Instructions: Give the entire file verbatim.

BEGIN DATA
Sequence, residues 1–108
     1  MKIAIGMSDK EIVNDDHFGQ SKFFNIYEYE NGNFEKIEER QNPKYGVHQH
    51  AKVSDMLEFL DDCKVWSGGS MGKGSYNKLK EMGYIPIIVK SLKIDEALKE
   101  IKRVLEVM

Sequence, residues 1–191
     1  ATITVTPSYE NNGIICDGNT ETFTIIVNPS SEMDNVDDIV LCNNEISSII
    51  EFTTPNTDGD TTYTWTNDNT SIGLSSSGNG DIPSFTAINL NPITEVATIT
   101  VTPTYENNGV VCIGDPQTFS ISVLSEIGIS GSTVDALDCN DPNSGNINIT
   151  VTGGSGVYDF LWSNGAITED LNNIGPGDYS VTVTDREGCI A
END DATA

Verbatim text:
Sequence, residues 1–108
     1  MKIAIGMSDK EIVNDDHFGQ SKFFNIYEYE NGNFEKIEER QNPKYGVHQH
    51  AKVSDMLEFL DDCKVWSGGS MGKGSYNKLK EMGYIPIIVK SLKIDEALKE
   101  IKRVLEVM

Sequence, residues 1–191
     1  ATITVTPSYE NNGIICDGNT ETFTIIVNPS SEMDNVDDIV LCNNEISSII
    51  EFTTPNTDGD TTYTWTNDNT SIGLSSSGNG DIPSFTAINL NPITEVATIT
   101  VTPTYENNGV VCIGDPQTFS ISVLSEIGIS GSTVDALDCN DPNSGNINIT
   151  VTGGSGVYDF LWSNGAITED LNNIGPGDYS VTVTDREGCI A